Plus a bonus lesson on the physics of black holes and time dilation!
Normally I don’t do a whole lot of specific research for these columns; instead relying on the fact that I am generally researching all the time by keeping up with video game news. But for this concept I felt I needed to double check and make sure that I hadn’t somehow missed an entire franchise or three, because it seems so obvious.
It’s a game where you race spaceships. In space. Along a three dimensional course. WHY HAS NO ONE DONE THIS.
Oh sure, there are games where the vehicle you are in looks like a spaceship, like F-Zero and Wipeout and Looney Tunes: Space Race, and countless throwaway flash racing games, but they are all still bound to a two-dimensional track. This is hovercar racing, and it’s great, but it’s not spaceship racing. I also found that spaceship racing is a thing people do in EVE Online, which is also great, but it’s not a standalone game for people who don’t want to play EVE Online.
The closest game I found is Beam Breakers, which seems like fun in a Fifth Element NYC kind of way, but isn’t spaceship racing.
Here is what I want from my spaceship racing game. I want there to be three directions of possible movement. I want you to be able to do aileron rolls around your chump opponents as you whip past them. I want pitch, yaw, roll, and six directions of thrust. I want spaceships that control like airplanes because they have special thrusters designed to create pitch, yaw, and roll; I also want spaceships that control like spaceships and just slice their way down the track and make visual-cortex-scrambling sequences of 90 degree turns.
I want shiny, glossy, beautiful ships that look like they came from Forza In Space and I want beat up hunks of junk that have the raw power to blow past the shiny ships. I want retro rocketships and Starfleet knockoffs. I want customizable ships. All the usual trappings of a racing game should be present: unlockable ships, unlockable tracks, local and online multiplayer, et cetera.
I want a beginner mode where the course is defined with a translucent tube boundary that helps you stay on … well on course. I want normal, hard, and expert modes where that boundary is gone and all you have left are a series of pulsing beacons. I want advanced tricks you can do to go off-course and use gravitational slingshots and laser boosts to get ahead, but if you don’t know what you’re doing you’ll lose the race.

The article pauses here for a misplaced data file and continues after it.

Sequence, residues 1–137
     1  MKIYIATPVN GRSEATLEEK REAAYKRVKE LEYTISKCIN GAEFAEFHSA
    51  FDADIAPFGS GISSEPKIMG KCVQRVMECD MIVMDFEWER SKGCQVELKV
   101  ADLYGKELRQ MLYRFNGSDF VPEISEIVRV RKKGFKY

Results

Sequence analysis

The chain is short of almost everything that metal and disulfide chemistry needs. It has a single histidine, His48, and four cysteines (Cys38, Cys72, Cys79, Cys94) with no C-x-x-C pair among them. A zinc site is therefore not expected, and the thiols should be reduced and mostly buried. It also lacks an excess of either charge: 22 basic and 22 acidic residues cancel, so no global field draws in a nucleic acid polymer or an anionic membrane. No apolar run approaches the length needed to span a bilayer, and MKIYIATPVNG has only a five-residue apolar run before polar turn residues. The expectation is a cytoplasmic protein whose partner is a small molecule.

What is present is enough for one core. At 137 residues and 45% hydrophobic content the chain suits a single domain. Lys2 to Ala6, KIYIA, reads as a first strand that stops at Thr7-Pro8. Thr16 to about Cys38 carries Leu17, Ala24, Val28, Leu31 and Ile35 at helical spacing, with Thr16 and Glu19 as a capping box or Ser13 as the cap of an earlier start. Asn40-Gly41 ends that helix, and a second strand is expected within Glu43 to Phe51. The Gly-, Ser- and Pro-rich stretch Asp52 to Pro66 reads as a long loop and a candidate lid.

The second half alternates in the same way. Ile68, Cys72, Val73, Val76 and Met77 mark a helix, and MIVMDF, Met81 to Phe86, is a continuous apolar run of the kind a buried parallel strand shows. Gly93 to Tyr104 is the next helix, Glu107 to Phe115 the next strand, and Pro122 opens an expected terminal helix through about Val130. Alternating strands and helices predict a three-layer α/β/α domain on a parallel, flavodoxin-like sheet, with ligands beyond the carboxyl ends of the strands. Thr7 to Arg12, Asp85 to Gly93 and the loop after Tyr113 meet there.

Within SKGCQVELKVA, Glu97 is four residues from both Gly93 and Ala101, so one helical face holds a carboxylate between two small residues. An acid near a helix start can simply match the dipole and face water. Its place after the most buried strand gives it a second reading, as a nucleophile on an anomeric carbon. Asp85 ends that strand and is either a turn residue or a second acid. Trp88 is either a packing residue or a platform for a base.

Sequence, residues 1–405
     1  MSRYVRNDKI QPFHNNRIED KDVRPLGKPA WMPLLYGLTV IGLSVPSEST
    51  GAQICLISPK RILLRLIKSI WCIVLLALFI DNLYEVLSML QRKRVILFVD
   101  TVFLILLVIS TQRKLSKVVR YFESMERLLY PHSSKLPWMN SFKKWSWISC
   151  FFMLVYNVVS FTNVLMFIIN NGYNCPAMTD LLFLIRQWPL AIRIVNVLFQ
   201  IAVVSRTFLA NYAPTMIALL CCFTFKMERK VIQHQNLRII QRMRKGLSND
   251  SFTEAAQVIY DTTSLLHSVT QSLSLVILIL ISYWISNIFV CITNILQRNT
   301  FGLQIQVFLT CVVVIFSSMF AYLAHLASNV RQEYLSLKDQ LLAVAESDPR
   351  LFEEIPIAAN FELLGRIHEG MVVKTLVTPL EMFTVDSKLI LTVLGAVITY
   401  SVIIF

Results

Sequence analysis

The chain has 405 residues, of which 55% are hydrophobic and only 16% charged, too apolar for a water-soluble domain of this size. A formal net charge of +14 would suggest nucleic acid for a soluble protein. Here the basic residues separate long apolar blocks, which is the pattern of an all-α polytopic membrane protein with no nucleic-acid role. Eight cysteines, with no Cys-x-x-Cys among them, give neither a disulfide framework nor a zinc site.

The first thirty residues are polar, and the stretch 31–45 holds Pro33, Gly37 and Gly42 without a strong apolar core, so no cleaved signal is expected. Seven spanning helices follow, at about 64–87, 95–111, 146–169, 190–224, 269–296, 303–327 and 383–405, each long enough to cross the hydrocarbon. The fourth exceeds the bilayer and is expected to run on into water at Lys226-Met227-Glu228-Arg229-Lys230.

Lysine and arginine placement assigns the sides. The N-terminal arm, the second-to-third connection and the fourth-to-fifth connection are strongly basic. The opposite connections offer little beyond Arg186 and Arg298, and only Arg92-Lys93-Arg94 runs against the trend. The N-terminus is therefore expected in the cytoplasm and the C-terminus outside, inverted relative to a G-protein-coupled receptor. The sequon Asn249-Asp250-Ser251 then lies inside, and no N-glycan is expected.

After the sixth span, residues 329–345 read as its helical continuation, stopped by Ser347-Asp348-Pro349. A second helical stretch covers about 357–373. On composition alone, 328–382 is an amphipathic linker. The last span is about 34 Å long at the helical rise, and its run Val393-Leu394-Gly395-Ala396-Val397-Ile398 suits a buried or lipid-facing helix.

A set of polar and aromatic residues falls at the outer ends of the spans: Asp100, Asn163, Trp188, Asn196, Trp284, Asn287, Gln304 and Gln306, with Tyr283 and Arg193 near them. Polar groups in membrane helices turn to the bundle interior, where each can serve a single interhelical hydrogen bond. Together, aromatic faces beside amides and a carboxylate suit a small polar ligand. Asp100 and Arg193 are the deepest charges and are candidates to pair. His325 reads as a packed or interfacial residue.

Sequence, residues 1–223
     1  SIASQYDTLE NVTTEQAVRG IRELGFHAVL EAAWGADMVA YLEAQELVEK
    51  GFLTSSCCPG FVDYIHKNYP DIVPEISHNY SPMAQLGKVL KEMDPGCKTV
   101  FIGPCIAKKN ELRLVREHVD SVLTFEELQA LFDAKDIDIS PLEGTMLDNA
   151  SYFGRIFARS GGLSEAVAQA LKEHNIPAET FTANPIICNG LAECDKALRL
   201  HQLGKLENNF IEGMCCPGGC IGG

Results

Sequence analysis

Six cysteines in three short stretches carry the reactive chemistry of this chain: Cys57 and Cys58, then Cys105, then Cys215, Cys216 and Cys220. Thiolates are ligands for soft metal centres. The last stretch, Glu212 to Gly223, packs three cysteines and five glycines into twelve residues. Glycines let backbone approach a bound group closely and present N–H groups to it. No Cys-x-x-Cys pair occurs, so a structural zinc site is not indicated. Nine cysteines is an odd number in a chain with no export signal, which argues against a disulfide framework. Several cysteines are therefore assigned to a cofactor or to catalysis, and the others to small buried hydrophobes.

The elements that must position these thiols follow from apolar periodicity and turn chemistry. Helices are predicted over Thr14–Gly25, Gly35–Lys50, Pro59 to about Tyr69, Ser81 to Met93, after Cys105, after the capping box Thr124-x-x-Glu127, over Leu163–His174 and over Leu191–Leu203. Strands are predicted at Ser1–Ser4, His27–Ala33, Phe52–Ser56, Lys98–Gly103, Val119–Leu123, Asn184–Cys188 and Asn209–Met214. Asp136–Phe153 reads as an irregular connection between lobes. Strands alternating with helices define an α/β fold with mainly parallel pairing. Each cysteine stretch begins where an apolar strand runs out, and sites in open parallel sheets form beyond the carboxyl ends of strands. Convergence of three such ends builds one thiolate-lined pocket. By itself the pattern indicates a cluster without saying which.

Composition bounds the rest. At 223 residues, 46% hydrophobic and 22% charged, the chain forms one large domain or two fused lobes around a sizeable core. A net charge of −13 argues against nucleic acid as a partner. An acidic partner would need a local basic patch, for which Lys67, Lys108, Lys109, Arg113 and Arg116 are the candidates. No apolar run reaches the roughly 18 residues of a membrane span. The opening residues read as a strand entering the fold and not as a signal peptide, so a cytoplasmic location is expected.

I want the backgrounds to be based on real places that actually exist. The first few courses should be in our own solar system: Earth to the Sun and back, the asteroid belt (with proper millions of kilometers between asteroids), the Jupiter moon circuit, in and out of Saturn’s rings, and those are just off the top of my head. For the rest of the game, we’ve got a thousand exoplanets already discovered. Extrapolate and give me courses in those systems. I want expert-level courses that involve black holes.
Which brings me to your bonus physics lesson on black holes. Poorly-researched science fiction would have you believe that black holes are interstellar vacuum cleaners, actively sucking up anything that dares approach. This is not true! You can safely orbit a black hole at a variety of distances (LOOKING AT YOU DOCTOR WHO “THE IMPOSSIBLE PLANET”). The danger to black holes is that it is possible to get too close (unlike with a star, where all that hot plasma keeps you back). The closer you get, the slower your personal clock runs compared to someone else far away. [If you were to cross the event horizon, that far away person would see your clock frozen for all of time, or at least until the black hole evaporates.]
(Image credit: http://phys.org/news/2014-03-o…)
So! What I would like for this game to have is basically the Kessel Run fan explanation as the basis for several black hole-riddled race courses. Between you and the finish line is some arrangement of black holes. Try to go straight across and you’ll be slowed down so much that the other racers will be old and grey by the time you finish. Go too far around and some nerfherder maverick will have beaten you to the punch. To win you’ll have to carefully maneuver around and through the black hole minefield so as to keep your distance short while not experiencing too much time dilation.
Of course, if you do cross the event horizon … that’s definitely game over.
NEXT TIME: 19th Century Industrial Society